Mental health struggles have existed as far back as history records. For something that has existed as long as humanity, misconceptions and negative beliefs still maintain a strong hold even in today’s modern times. Often I find that negative internal beliefs exist in my clients and are one of the first things we have to challenge and break down as we work towards goals.
On World Mental Health Day, I wanted to examine two of the common false beliefs individuals have about mental illness, both in themselves and in others. By challenging these beliefs and embracing a true and holistic perspective, we can increase the likelihood of improvement on both an individual and global level.
Mental Illness is Because Of Laziness
This is one of the most common ones, especially in Western society where we often pride ourselves on our “Pull yourself up by your bootstraps” mentality. Just like physical illness can’t be healed through willpower alone, neither can illness of the mind. Genetics, biology, and environment all have significant impacts on mental well-being, leaving some to struggle with an illness in one or another their whole life, through no fault of their own. Yes, there is something to be said for the responsibility and resilience to take responsibility for the treatment of the condition, but for many, that’s easier said than done.
Mental illness can impact financial well-being, relationship status, and overall quality of life. What I find though is that this negative cyclical pattern leads to self-judgment and hopelessness that things will never improve because of some character defect on the part of the individual with the illness. One thing compounds on the other until it feels impossible to get out.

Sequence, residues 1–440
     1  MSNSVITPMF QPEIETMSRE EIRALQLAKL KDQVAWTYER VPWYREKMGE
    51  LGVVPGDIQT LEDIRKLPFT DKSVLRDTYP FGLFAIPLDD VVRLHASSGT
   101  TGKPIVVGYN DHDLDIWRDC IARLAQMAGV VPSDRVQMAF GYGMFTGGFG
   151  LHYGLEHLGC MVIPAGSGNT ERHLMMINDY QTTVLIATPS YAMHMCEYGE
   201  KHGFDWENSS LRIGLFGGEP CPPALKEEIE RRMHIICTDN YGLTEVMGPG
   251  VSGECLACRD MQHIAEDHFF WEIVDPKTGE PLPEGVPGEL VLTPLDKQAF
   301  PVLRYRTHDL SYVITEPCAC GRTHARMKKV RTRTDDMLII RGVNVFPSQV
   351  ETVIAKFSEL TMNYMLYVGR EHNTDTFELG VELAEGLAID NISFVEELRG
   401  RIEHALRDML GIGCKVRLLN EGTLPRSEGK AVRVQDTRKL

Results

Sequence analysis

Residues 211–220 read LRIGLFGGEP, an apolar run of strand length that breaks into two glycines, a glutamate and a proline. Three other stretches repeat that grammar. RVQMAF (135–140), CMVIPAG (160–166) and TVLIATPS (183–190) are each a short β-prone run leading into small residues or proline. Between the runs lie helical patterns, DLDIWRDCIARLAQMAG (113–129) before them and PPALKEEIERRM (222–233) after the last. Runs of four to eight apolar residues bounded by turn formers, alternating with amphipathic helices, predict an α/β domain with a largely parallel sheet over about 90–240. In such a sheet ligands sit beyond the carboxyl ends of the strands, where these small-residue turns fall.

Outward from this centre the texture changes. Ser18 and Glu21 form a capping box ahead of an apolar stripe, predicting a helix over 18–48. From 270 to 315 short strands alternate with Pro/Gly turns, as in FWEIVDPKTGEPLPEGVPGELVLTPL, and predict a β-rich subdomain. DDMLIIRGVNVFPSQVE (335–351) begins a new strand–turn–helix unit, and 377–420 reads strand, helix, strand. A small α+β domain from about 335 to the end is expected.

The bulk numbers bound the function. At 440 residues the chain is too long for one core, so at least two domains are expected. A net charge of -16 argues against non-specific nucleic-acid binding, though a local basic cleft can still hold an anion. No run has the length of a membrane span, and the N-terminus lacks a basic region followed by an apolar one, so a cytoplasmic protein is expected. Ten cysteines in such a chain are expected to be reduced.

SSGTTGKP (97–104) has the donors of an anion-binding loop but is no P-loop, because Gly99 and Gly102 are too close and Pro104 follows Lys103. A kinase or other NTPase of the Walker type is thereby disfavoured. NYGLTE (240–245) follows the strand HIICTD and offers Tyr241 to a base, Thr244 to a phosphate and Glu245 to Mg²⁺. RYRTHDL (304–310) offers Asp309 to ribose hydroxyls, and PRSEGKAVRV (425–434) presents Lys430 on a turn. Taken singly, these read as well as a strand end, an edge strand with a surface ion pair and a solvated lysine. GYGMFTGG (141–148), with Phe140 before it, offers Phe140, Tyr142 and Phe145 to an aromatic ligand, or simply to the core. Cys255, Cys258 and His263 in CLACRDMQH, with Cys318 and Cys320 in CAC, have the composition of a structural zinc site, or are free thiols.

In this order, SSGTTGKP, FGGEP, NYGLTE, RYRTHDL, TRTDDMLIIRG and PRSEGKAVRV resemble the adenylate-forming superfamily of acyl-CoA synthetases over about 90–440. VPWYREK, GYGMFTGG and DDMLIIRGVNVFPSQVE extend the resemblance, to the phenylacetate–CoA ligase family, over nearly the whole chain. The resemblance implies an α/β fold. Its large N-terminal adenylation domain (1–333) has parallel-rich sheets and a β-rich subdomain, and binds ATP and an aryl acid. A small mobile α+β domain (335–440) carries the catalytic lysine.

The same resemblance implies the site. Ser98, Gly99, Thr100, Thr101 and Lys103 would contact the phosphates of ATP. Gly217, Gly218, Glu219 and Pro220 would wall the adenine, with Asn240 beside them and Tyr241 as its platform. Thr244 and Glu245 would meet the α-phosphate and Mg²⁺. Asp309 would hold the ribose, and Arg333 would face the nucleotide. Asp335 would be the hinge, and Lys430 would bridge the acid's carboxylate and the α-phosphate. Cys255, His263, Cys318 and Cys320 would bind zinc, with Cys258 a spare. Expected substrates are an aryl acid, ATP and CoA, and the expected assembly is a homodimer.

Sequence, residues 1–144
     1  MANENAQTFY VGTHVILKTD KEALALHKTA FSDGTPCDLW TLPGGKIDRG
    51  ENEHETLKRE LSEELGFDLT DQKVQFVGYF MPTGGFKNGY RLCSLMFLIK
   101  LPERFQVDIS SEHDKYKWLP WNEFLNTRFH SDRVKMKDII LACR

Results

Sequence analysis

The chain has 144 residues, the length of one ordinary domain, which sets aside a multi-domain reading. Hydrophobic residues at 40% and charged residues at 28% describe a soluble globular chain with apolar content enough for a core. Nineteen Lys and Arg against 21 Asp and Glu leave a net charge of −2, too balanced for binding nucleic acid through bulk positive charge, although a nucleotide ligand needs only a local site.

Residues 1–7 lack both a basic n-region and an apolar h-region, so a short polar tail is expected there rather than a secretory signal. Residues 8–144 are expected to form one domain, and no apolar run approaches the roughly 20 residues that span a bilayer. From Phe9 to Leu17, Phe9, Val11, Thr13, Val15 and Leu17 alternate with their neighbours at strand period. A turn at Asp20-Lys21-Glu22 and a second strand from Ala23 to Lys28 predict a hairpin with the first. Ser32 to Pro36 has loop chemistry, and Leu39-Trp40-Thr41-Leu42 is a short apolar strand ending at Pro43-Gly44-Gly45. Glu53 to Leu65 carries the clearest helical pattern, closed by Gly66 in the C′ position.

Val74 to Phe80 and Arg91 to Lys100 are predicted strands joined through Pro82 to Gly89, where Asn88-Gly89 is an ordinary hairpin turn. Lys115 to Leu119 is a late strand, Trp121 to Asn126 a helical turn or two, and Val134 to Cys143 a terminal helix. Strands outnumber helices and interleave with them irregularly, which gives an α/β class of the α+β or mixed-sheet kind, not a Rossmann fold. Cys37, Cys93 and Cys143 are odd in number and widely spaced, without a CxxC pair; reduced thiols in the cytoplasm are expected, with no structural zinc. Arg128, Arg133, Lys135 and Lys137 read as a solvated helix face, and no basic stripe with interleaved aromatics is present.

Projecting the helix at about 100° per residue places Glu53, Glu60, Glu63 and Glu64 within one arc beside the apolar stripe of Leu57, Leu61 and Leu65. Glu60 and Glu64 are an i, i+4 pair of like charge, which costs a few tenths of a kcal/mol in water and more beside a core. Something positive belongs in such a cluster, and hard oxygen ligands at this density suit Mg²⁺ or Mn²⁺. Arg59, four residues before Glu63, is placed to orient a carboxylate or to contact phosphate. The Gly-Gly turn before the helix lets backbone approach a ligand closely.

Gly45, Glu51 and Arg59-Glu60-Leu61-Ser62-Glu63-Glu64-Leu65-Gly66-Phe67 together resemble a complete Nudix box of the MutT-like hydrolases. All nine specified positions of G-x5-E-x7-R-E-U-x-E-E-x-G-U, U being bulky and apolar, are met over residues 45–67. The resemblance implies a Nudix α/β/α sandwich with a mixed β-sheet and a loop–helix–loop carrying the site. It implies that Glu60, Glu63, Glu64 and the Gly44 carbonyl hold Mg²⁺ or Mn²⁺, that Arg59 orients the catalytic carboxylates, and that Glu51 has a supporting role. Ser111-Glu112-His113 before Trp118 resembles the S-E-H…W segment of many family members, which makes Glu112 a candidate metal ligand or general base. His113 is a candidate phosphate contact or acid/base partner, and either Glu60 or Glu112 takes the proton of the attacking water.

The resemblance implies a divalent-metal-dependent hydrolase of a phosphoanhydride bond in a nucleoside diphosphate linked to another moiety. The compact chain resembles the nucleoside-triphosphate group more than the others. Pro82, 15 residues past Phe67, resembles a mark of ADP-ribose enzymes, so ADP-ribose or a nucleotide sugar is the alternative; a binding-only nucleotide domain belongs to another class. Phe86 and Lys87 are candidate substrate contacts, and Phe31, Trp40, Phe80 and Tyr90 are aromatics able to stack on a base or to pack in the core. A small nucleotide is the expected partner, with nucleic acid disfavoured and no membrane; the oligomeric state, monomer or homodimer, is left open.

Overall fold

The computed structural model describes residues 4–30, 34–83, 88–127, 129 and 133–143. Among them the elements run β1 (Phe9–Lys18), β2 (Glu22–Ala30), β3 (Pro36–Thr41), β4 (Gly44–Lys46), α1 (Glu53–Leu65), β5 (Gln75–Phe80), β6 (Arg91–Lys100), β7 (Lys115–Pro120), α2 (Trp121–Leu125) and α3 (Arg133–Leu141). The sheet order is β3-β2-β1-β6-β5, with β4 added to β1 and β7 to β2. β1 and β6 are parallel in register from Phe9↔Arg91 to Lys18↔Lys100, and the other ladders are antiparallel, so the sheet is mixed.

One of the ways we get out of this seemingly bottomless pit is by acknowledging the truth of where the illness comes from and what is within and without one’s responsibility. After that, we are then able to devise a plan and a way out that is realistic, yet significant. It may feel like a slow start, but a slow start forward is better than continued heaviness down the dark path of hopelessness.
Mental Illness is Untreatable
Here, I want to differentiate between “untreatable” and “uncurable.” All illnesses can be treated in some form or another. Accommodations and treatment will vary from diagnosis to diagnosis and person to person. The harsh truth of it is, some illnesses will be things the individual struggles with their entire life in some capacity or another. The acceptance of this reality is an important part of treatment for some as it then allows them to move forward into the stage of “What do we then do about it?”
Treatment however is possible! Treatment can look like lifestyle accommodations, routine mental health care, medications, holistic treatments, continued evaluations, and many other things. This is where having informed, trained, and licensed mental health providers are vital to assist the individual in identifying and providing the best course of action possible based on the circumstances given.
Did you notice one or all of these beliefs in your perspective of mental illness? You’re not alone! It is only by identifying and challenging them with true and healthy beliefs that we can hope to improve the overall perspective of mental illness in our society and change the tide of belief for ourselves and others around us.
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